“First, as a longtime consultant to the U.S. Conference of Catholic Bishops, I could not help but be dismayed by the news that Notre Dame also planned to award the president an honorary degree. This, as you must know, was in disregard of the U.S. bishops’ express request of 2004 that Catholic institutions ‘should not honor those who act in defiance of our fundamental moral principles’ and that such persons ‘should not be given awards, honors or platforms which would suggest support for their actions’. That request, which in no way seeks to control or interfere with an institution’s freedom to invite and engage in serious debate with whomever it wishes, seems to me so reasonable that I am at a loss to understand why a Catholic university should disrespect it.”
And yet, Jenkins had attempted to explain it away, saying the bishops only meant that errant Catholics were not to be honored or given a platform by Catholic universities, thus limiting the bishops’ teaching to a religious opinion rather than
a natural truth to be held by all.
“Then I learned that ‘talking points’ issued by Notre Dame in response to widespread criticism of its decision included two statements implying that my acceptance speech would somehow balance the event:
• President Obama won’t be doing all the talking. Mary Ann Glendon, the former U.S. ambassador to the Vatican, will be speaking as the recipient of the Laetare Medal.
• We think having the president come to Notre Dame, see our graduates, meet our leaders, and hear a talk from Mary Ann Glendon is a good thing for the president and for the causes we care about.
“A commencement, however, is supposed to be a joyous day for the graduates and their families. It is not the right place, nor is a brief acceptance speech the right vehicle, for engagement with the very serious problems raised by Notre Dame’s decision — in disregard of the settled position of the U.S. bishops — to honor a prominent and uncompromising opponent of the Church’s position on issues involving fundamental principles of justice.”
The White House press office issued a swift response: “President Obama is disappointed by former Ambassador Mary Ann Glendon’s decision, but he looks forward to delivering an inclusive and respectful speech at the Notre Dame graduation, a school with a rich history of fostering the exchange of ideas.”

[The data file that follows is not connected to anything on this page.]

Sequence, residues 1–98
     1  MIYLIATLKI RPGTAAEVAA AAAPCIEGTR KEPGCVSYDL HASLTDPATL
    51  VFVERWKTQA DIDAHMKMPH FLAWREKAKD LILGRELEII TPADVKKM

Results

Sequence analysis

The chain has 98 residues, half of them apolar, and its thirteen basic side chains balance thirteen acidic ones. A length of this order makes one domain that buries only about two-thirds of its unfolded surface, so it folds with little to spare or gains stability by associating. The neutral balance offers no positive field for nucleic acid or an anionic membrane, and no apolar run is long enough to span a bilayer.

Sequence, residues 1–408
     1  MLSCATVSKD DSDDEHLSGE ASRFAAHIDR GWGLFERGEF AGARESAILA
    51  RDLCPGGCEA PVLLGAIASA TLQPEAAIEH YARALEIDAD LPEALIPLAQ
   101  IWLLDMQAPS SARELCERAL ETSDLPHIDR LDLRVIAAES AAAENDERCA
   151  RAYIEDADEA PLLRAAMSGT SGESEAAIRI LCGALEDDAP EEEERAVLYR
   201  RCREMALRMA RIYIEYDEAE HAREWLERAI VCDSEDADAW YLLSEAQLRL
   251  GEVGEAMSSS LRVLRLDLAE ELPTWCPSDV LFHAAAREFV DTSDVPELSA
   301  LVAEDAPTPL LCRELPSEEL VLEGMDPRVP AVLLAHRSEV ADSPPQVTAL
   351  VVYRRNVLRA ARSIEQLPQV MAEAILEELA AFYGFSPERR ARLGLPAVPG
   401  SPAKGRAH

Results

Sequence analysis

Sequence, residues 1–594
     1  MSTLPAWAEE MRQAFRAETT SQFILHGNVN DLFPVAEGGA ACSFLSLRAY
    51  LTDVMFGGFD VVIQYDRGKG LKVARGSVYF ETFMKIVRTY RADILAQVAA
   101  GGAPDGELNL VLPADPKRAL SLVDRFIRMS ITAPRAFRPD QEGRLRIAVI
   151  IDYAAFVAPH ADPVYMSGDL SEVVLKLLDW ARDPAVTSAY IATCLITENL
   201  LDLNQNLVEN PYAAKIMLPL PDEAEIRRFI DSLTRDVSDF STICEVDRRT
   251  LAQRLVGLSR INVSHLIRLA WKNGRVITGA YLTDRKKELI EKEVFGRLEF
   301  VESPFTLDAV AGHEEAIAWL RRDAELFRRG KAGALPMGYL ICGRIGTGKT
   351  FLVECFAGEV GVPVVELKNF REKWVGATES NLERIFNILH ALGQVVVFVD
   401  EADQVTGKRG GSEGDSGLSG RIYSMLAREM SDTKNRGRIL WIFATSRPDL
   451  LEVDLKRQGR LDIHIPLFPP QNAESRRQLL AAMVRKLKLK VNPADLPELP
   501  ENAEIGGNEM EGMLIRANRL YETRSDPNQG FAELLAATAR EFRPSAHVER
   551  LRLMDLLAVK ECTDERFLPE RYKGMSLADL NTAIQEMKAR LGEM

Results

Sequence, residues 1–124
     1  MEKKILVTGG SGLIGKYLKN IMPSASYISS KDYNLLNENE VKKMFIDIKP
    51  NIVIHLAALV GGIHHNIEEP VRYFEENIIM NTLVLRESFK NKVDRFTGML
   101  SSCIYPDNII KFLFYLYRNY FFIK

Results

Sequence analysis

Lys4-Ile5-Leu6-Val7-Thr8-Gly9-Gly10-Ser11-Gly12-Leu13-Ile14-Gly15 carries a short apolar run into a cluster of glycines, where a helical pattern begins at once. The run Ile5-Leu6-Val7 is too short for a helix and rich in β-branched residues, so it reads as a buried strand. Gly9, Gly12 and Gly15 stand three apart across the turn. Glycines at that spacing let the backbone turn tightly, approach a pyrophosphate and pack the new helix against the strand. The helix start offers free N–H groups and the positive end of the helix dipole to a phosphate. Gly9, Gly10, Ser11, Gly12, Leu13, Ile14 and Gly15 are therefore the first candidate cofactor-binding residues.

It was a smokescreen, saying nothing about substantive points Glendon had made, while perpetuating the false idea that this is somehow going to be an “exchange of ideas”. And it implied that the call for a Catholic university not to confer upon a pro-abortion president a doctorate of laws is somehow not “inclusive”.
But neither Obama nor Jenkins has controlled the message since her letter appeared.
“It is to Father Jenkins’s shame that he tried to use Glendon,” writes de Souza. “It is to her great credit that she refused to be used.”
Jenkins has invited Judge John Noonan, a former Laetare Medal honoree, to deliver an address in an attempt to fill the void left by Glendon’s absence. The justice of the Ninth Circuit Court of Appeals will suffice for some people, most notably Fr. Jenkins. Credit him with this: Notre Dame will not award the Laetare Medal this year.
After all, it has already been awarded, and the honour is Mary Ann Glendon’s, who has elevated the witness of a faithful servant to something higher than an officeholder of a powerful institution: the noble dignity of a humble person.
Sheila Gribben Liaugminas is an Emmy Award winning journalist who reported for Time magazine for more than 20 years. She blogs at InforumBlog.com and on MercatorNet